Bet­ter off with­out it

The Guardian - Journal - - News -

Mr Trump is never go­ing to get that sup­port to­day.

He is the elected leader of a very great na­tion, but his ar­rival here this week is a visit that this coun­try would be bet­ter off with­out. It shames those who of­fered it so pre­ma­turely and fool­ishly. Lit­tle good and much dif­fi­culty is likely to come of it. There are many rea­sons for feel­ing the un­usual sense of out­rage and vi­o­la­tion that at­tach to the Trump visit to Bri­tain. Mr Trump’s per­sonal char­ac­ter and be­hav­iour are more than enough rea­son for many. They cer­tainly be­long on any list of ob­jec­tions to his pres­ence here, for he is one of the most un­suit­able peo­ple to hold his great demo­cratic of­fice in Amer­i­can his­tory. But it is Mr Trump’s pol­i­tics, his ex­pressed views, his ac­tual ac­tions, and above all his ef­fect and his in­ten­tions that are the fun­da­men­tal is­sues.

The charge list against Mr Trump is long, unig­nor­able and im­pos­si­ble to tol­er­ate. Mo­rally, it is headed by the racism of the im­mi­gra­tion poli­cies he was so proud of in Brus­sels yes­ter­day, the cru­elty of their en­force­ment, es­pe­cially in the sep­a­ra­tion of chil­dren from their par­ents, the racism to which he gives en­cour­age­ment at home, and the taunt­ing and vis­ceral threat to the rights and dig­ni­ties of women, peo­ple of colour, and LGBT peo­ple, who are all now di­rectly threat­ened by his lat­est supreme court nom­i­na­tion. He has ig­no­rantly spurned the threat from cli­mate change, has sucked up to tyrants, has con­ducted an un­prece­dented cam­paign against the free press, launched a trade war, in­sulted Amer­ica’s al­lies, praised Amer­ica’s en­e­mies and made dan­ger­ous mis­chief in the do­mes­tic and re­gional pol­i­tics of count­less parts of the world. Only this week, head­ing for Europe, he in­sulted Ger­many and said meet­ing Vladimir Putin would be easy work com­pared with his meet­ings in Brus­sels and Bri­tain.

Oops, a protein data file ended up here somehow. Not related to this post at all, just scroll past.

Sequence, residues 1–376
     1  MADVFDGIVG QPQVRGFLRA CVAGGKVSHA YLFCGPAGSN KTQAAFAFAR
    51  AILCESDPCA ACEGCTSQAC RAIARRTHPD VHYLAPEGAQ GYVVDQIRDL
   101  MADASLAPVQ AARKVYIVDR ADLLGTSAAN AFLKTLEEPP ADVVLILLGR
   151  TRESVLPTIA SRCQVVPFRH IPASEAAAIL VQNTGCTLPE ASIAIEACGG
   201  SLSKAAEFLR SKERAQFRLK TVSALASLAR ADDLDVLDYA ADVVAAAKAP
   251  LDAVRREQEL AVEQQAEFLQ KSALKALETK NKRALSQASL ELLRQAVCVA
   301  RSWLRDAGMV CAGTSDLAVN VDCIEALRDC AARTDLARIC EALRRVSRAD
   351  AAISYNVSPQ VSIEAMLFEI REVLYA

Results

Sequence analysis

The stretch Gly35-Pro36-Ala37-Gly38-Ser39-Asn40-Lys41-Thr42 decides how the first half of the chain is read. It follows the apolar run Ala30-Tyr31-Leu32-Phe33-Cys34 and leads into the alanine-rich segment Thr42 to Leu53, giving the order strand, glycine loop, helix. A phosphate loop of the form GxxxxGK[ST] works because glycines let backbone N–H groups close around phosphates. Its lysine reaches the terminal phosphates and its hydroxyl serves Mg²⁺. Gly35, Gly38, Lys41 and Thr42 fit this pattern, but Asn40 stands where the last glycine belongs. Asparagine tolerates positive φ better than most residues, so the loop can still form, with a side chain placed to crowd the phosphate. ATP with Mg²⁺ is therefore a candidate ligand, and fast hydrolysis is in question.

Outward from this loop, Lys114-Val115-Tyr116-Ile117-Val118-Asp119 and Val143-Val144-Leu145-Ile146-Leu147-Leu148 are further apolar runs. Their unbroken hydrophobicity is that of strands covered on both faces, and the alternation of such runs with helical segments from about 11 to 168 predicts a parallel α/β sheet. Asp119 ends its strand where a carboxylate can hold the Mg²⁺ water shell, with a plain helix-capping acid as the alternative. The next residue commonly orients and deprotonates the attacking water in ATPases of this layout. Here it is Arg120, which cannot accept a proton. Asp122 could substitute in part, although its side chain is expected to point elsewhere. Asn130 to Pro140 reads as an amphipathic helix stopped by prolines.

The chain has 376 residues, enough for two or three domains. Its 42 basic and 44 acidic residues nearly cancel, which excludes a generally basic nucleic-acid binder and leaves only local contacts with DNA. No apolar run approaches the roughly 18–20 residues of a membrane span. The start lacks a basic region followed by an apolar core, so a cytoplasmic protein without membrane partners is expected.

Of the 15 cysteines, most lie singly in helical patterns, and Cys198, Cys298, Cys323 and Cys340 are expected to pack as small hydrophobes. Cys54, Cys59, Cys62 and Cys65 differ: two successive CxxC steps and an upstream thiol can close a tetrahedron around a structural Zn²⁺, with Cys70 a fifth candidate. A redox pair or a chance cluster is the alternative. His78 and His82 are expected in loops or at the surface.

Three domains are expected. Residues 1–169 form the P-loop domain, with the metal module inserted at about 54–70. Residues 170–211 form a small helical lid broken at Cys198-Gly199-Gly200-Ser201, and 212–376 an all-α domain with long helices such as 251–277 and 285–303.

Over the cen­tury there have been US pres­i­den­tial vis­i­tors to Bri­tain whose poli­cies were de­struc­tive, with whom we did not agree and whose pres­ence here as guests was dif­fi­cult to nav­i­gate. Mr Trump, though, is dif­fer­ent. He is unique in his ego­tis­ti­cal dis­re­spect for in­ter­na­tional or­der and agree­ment, his overt mal­ice to­wards long-term al­lies and in­sti­tu­tions, his shame­less dis­re­gard for truth, and his clear will­ing­ness to make trou­ble and do di­rect harm to Eu­ro­pean na­tions like ours. This puts him into an al­to­gether dif­fer­ent cat­e­gory from his pre­de­ces­sors. All these, from Wil­son on­wards, pro­fessed and – less con­sis­tently – prac­tised sup­port for in­ter­na­tional or­der and rules in which the US was a lead­ing part­ner and in­dis­pens­able bul­wark. Mr Trump does not.

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